The remaining offensive linemen had varying results. Left guard Joe Reitz was generally positive (87.5%/9.4%) but allowed a hit on one of his few mistakes in the game. Center Jeff Saturday continues to play below his average from last year and allowed a sack and 2 pressures to add to his 4 pressure from last week. On a good/bad note, Mike Pollak came into the line and had a number of good blocks (76%) but still struggled limiting his negative blocks (16%). Ryan Diem’s numbers were largely unchanged from last week and similar to the results that Pollak put up.
* Colts running backs are one of the best parts of the team at the moment. Addai is averaging 4.55 YPC and second back Delone Carter has just 2 stuffs on 18 attempts (11%). Addai dominates the snap count with 97 snaps to Carter’s 29, but that is likely more a result of Addai’s superior pass-blocking skills. Carter accounted for one of the hits on Collins in Week 2, but has not been overly disappointing when asked to throw blocks on pass rushers.
* If fans wonder why the Colts didn’t get much pressure on Colt McCoy — his average snap time was a miniscule 2.25 seconds. A perfect unblocked rush takes roughly two seconds when the QB takes a 5-step drop. Still, it is going to be a long day when a defense has two perennial Pro Bowl defensive ends turned into bystanders for much of the day.
For the second straight game rookie DT Drake Nevis was a standout on the defensive line. He recorded 5 assists and 1 tackle and laid a big hit and a pressure on QB Colt McCoy. He produced all of this in 38 snaps, and significant production boost over fellow DT Mookie Johnson who tallied 1 assist, 2 tackles, and a pressure in 37 snaps.
* The linebackers improved as a group. Angerer had 5 assists and 4 tackles with 2 hits while Conner added 10 tackles and 2 assists with a forced fumble.
In terms of total production the linebackers totaled 182 snaps with only 2 broken tackles (down from 5 missed tackles and 2 broken tackles in 194 snaps in week 1). The linebackers also produced a defended pass, 3 quarterback hits, and 2 forced fumbles.
Overall, they kept to their gap assignments and made tackles more efficiently.
* The Colts secondary was another story. With such a short snap time for McCoy, all the secondary had to do was tighten up their coverage and the Brown’s offense would have sputtered to a halt — especially since their running game was essentially shut down.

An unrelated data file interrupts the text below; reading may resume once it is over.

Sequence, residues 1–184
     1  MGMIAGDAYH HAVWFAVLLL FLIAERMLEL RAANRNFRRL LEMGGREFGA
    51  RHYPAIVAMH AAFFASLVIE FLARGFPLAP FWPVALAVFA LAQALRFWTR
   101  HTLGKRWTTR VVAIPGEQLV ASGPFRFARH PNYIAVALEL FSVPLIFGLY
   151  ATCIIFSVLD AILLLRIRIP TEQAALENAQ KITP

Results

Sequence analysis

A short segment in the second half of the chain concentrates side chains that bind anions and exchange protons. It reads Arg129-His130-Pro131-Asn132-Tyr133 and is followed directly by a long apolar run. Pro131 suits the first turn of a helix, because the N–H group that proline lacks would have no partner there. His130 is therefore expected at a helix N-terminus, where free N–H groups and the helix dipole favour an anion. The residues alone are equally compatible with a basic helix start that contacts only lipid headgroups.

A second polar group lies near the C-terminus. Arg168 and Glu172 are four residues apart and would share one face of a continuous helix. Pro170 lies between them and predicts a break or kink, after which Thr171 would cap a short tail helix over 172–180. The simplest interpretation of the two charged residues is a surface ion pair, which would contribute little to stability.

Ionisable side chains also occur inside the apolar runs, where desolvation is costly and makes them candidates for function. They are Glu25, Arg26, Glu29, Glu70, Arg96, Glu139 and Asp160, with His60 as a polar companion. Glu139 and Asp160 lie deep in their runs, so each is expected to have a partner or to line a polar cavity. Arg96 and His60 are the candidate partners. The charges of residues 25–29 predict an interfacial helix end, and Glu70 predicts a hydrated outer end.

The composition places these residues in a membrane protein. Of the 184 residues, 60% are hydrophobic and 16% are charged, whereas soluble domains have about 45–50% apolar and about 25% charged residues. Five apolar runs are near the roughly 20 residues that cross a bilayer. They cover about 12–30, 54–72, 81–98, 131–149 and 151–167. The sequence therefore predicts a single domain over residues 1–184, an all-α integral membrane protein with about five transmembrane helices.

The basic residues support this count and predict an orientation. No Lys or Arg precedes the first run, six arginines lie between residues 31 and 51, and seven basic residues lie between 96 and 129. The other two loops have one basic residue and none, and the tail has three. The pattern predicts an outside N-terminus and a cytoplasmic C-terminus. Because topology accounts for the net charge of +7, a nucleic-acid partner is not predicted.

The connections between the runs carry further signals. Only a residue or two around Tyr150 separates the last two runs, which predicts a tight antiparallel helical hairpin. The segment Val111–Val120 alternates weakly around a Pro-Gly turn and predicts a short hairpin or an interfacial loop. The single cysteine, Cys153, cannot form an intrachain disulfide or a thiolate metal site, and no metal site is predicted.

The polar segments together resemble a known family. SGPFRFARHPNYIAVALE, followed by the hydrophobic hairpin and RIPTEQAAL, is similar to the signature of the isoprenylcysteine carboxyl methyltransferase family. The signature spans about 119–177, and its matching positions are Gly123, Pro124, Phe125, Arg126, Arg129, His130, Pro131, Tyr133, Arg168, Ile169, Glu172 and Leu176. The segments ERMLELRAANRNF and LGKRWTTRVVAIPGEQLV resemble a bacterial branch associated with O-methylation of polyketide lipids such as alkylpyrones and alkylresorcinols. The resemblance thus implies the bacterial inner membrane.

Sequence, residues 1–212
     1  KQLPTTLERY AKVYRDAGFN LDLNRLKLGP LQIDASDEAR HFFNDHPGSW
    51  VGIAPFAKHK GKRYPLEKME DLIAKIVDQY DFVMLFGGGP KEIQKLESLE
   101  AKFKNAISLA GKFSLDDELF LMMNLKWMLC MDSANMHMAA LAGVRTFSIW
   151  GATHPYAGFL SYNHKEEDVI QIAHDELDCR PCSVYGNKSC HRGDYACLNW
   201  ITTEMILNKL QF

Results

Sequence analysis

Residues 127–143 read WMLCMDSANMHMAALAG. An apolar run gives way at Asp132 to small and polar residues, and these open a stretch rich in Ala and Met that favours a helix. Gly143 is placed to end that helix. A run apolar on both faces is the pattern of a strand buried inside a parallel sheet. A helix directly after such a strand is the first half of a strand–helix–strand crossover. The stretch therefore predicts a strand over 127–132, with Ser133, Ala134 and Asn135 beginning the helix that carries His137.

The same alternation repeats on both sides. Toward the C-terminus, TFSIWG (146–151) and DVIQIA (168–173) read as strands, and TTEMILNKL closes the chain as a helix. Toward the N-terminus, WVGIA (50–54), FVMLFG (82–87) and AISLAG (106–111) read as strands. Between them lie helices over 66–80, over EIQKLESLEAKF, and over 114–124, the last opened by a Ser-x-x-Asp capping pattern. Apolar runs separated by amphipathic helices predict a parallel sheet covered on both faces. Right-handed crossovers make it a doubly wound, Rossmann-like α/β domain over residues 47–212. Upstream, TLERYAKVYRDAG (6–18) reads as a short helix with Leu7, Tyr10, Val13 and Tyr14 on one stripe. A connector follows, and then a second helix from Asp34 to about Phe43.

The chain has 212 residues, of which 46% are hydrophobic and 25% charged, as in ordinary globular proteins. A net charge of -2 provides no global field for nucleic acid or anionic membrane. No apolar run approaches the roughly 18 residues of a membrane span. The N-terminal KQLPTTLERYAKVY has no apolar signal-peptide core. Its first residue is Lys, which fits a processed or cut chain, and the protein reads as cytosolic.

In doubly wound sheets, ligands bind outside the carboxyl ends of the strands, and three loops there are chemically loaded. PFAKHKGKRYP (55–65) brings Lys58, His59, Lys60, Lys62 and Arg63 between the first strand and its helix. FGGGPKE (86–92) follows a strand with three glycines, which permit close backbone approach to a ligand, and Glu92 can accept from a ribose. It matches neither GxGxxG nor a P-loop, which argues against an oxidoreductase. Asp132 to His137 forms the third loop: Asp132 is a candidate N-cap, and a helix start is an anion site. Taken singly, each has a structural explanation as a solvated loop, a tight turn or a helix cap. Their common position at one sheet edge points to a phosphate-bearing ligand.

Instead, the cushion plague that has made Jacob Lacey the sheep of the week on a regular basis has infected the rest of the secondary. The entire secondary played off of their man for much of the game and allowed a weak Browns receiving corps to have as many receptions as they wanted. Powers looked like he had Pro Bowl potential last year, but even he has begun giving cushions. Tryon, who is loved for his highlight reel hits, is playing off his man too.
Tackling is still an issue. Powers had 2 broken tackles. Safety Melvin Bullitt had 1 missed tackle and 3 broken tackles.
While Lacey was very a consistent tacker, and made some impressive stops, he was taken to task in the air. No matter who receives the great portion of criticism, it is obvious that the front 7 and secondary are playing two completely different games. This is correctable and needs to be addressed.
Pat McAfee has a monster leg. His punts have averaged over 57 yards from the spot he kicks it to the spot it is caught by the returner with an average hang time of 4.6 seconds. The only issue with his booming kicks may be with the gunners, who have struggled to get down the field to cover. Even with his superb hang time, he may be focusing on distance too much.
While not every team will be able to return his kicks the way the Browns and Texans did, it could be better for McAfee to sacrifice 5 yards of distance for another half second of hang time.
How does McAfee compares to his competition? In the first two weeks, opposing punters have averaged just 50.3 yards with a 4.48 second hang time. McAfee is kicking longer punts for greater hang times. If punt coverage can improve, the Colts can routinely pin opposing teams inside the 20 even when they’re punting from their own 25.